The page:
With the bodies initially painted, and part glazed, thoughts turned to the underframes. The undergear was made up exactly as per the Silver Fox instructions, and then compared to photos of the actually thing, and the various models that have been posted on the Web. The following views very much a record of work in progress, but are primarily to illustrate the nature of the Silver Fox resin mouldings. Take as read that the bent chassis seen on one of the Brake will be corrected (the missing Driving Motor had a similar defect and doesn't appear in this sequence as it was being fixed). The interface between the top of the side overlay and the roof guttering needs sorting, and it is also apparent that a method to fix the body to the chassis has yet to be devised. The vent on the buffet car is wrongly positioned and too high and will also need correcting.

The critical issue is that the underframe casting for the motor cars is clearly not right. The fuel tank looks the part and is correctly positioned, but the exhaust from the actual engines is very distinctive on the 124 and not at all like the casting (query whether the engines are in the right place).

Finally, a view of the full 6-car set to mark the current state of the project.


  21 November 2018

There are pluses and minuses of batch production: a definite plus is that you get the opportunity to practice techniques; the bad news is that there are long gaps before you can move onto the next task. And so it has been with the lining.

Fox do a series of sheets: the lining is the same on all of them, and the variations relate to the whiskers.

I found I had two sheets, and picked one at random.

I did two sides, and then called it a night. In the morning I discovered to be horror that the tissue I had been using to mop up excess moisture had slipped into the dish with the water, and the water had 'wicked' its way from the dish, via the tissue paper, to the transfer sheet. I first tried to 'rescue' the lining, but was only able to rescue four further lines.

I didn't think this was a problem until I looked more critically at the second sheet, and realised that the lining was slightly wider. Deep breath time. I therefore removed the previously applied lining and started again using the second sheet. And this is how the job progressed.

First, the lining was cut from the sheet, ensuring that a reasonable margin was left on both sides of the lining. The resulting strip was gently coiled-up, and immersed in the water in the dish for 30 seconds before being removed and laid out along the coach side.

It is left for a further 60 seconds or so before gently teasing the lining off the backing sheet with a cocktail stick.

Once all the lining is approximately in place, the backing strip is removed. The lining is now carefully poked into final position, and any excess moisture mopped-up with a tissue.

Approximately 6 minutes of concentrated poking and prodding, the lining is in the correct position. If the lining starts to adhere when not in its final place, just add more water to soften it.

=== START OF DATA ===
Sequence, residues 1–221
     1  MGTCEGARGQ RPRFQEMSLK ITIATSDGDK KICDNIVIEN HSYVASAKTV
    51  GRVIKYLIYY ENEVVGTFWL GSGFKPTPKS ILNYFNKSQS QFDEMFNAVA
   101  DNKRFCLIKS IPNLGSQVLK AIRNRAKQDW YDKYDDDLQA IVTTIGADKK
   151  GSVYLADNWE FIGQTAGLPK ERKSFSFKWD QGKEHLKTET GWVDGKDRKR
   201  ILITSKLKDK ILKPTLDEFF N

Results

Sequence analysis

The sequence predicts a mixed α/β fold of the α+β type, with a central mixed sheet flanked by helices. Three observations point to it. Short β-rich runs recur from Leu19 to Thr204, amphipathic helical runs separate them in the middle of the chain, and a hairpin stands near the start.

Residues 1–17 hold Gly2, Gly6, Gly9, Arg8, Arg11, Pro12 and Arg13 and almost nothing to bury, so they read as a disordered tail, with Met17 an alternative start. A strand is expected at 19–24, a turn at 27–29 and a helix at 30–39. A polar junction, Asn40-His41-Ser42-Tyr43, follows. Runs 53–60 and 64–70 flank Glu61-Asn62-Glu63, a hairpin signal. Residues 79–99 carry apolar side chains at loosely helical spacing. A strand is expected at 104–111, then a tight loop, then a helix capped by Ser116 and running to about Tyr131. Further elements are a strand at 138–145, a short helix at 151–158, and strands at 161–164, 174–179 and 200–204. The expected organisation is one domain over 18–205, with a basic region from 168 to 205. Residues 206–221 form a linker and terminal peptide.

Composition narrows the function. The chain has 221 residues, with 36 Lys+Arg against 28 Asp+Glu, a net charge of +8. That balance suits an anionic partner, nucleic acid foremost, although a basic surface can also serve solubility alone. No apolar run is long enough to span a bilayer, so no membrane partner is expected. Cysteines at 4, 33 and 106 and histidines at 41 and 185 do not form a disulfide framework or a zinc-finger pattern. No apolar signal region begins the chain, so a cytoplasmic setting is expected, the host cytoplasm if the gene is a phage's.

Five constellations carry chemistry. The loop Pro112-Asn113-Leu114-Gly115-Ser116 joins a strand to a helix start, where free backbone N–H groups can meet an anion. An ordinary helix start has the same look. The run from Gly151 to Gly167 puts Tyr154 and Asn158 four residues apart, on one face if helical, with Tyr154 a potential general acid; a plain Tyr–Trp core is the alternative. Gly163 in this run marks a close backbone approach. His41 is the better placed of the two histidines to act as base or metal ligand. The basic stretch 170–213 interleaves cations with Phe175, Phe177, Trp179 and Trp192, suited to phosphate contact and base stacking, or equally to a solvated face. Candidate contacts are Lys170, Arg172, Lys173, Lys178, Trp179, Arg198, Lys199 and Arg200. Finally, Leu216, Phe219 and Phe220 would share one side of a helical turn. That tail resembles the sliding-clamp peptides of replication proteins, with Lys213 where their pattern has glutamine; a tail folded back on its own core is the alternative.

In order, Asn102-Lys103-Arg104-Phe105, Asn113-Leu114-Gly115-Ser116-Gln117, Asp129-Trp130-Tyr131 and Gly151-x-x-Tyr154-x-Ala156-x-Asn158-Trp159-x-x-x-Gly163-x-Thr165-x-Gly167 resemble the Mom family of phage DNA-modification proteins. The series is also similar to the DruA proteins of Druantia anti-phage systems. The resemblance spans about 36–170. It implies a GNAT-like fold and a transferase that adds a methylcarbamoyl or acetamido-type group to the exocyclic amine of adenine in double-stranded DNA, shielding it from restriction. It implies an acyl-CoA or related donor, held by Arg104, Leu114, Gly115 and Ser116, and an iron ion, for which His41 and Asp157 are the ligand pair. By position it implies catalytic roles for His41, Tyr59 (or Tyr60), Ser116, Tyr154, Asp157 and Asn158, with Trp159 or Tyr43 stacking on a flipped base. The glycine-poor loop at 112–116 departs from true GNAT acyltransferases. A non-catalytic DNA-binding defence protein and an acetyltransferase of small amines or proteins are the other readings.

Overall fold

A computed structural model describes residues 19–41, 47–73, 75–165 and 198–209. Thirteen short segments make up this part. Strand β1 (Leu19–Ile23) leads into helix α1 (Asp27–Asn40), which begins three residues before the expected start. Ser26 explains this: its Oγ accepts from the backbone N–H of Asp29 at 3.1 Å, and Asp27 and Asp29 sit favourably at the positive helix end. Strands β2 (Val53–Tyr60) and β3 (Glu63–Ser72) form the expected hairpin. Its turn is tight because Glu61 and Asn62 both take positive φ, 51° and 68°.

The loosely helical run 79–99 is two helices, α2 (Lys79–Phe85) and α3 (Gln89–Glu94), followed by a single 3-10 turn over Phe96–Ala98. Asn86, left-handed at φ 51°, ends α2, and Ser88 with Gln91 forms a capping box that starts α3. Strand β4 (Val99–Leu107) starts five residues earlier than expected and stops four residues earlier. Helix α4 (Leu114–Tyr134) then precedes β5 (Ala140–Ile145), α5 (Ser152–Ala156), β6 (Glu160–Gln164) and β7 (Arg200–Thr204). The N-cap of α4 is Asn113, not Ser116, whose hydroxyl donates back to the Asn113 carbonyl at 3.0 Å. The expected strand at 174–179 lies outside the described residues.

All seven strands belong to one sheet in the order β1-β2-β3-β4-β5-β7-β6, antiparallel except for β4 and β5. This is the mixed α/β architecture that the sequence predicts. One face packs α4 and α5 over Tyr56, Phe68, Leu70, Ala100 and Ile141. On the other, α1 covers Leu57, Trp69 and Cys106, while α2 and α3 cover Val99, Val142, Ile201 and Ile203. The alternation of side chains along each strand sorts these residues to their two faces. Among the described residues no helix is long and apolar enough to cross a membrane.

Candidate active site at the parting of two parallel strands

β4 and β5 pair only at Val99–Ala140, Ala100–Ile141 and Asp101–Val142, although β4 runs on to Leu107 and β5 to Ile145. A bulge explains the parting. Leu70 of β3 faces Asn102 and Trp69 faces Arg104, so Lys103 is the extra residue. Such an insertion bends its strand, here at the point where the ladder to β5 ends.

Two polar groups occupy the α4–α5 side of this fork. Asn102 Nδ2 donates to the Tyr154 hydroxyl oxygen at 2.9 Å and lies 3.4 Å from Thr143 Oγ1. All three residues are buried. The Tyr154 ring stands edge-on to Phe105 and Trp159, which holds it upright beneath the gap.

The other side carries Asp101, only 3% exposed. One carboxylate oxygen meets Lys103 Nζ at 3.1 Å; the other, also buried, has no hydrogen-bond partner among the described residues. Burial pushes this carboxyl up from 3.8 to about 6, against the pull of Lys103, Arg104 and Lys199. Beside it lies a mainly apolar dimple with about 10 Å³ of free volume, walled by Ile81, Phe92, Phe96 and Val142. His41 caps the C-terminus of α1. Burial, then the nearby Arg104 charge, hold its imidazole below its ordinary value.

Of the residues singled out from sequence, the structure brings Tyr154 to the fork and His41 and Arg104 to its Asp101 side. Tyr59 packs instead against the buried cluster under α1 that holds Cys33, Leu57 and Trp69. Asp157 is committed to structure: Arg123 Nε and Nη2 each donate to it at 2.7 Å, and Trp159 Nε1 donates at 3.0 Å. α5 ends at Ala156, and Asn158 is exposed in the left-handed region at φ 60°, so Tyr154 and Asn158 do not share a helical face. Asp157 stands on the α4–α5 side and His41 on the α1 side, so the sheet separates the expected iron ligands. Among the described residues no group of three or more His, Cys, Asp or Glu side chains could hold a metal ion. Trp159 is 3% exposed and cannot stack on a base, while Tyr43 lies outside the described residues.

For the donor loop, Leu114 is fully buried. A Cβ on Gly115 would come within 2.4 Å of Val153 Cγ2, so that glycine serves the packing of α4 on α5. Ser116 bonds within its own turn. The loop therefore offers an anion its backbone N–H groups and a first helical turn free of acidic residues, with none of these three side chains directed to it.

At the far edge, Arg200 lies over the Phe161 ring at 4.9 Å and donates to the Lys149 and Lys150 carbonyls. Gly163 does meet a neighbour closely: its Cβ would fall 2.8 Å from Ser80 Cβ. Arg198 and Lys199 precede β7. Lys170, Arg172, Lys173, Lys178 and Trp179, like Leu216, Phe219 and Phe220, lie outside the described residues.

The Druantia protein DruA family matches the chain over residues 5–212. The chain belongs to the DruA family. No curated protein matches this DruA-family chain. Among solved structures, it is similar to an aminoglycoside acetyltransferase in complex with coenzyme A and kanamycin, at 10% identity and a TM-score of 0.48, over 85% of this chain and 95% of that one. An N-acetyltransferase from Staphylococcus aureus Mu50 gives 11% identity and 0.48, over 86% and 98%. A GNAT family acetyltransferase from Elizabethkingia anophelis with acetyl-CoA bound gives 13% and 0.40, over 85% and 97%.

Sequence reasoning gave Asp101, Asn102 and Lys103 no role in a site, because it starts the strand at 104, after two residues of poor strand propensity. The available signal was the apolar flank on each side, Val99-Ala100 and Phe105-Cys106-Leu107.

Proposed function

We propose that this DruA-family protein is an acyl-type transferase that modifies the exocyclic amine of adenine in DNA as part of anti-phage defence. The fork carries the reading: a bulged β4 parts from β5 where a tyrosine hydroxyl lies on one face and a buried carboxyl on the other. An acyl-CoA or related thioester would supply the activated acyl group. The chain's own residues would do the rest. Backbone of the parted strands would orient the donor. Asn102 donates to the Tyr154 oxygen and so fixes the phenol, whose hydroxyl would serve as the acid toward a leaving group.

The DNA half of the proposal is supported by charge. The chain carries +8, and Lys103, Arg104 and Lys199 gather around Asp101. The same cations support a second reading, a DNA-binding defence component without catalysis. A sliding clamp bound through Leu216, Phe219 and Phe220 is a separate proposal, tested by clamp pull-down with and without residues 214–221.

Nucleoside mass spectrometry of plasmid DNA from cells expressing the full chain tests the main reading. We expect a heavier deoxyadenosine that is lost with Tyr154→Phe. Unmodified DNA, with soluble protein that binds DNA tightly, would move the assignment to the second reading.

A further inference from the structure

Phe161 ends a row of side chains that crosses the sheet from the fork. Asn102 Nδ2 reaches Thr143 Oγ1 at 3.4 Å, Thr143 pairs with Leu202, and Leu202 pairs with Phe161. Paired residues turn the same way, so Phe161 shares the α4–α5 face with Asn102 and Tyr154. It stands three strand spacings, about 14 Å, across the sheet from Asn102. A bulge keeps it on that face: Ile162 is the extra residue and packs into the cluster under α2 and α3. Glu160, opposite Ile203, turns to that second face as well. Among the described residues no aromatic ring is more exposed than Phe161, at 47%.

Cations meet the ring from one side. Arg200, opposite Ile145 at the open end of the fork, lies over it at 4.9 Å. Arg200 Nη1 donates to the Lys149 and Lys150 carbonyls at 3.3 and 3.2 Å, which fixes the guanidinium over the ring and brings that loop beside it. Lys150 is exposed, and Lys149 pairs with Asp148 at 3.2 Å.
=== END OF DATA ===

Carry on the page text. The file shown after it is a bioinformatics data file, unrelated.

Although not shown in the photos, I have started adding the coach numbers, as supplied by Silver Fox. These don't have a backing film, and have to be cut close to the numbers. But you need to be aware that Fox only supply five sets of numbers for a 6-car rake, and it would appear that there are no numbers for the TSO, so an alternative source will be required.

1 December 2018

With the lining done, the next stage is to fit the door and grab handles. Silver Fox provide a self-adhesive sheet, but many years ago I fitted a full set of handles to a pair of bubble cars, which greatly improved their appearance.

The first step was to fit the door hinges. I had both the MTJ and Southern Pride frets to hand. The first step was to pain the hinges.

These are very small components, and they were cut off the fret using a pair of scissors over a glass jar.

Many years ago I read of someone using varnish to secure the hinges to the body side. Each hinge was individually speared using a scalpel and then gentle dropped onto the dot of varnish.

And here is the finished item. The varnishing clerly needs redoing - the beauty of taking photos of the job as it progresses.

19 December 2018

I had an idea how to make a set of printed curtains. This is still a work in progress, and the set was popped in its dedicated siding in the storage yard and left for the summer.

A return to the loft in November saw the set recovered and placed back on the work bench with the intention to skill the curtains for the time being, and instead secure the bodies to the chassis.

And then the oops moment. I had used Bostick (the pink, now purple solvent based version) to secure the resin underframe gear to the four motor vehicles. It was obvious that three of the four underframes involved had seriously buckled, as per the photo below. The lower chassis shows the serious distortion that had occurred in the centre of the underframe. The upper frame has already been replaced, as there was a spare from the Buffet Car (which houses the motorised chassis).

Silver Fox Class 124 4mm scale model: underframe distortion caused by using Bostick (solvent-based) glue and replacement underframe.

There was a spare Hornby chassis to hand, and a third was secured via eBay. Fitting the replacement chassis only took a couple of hours.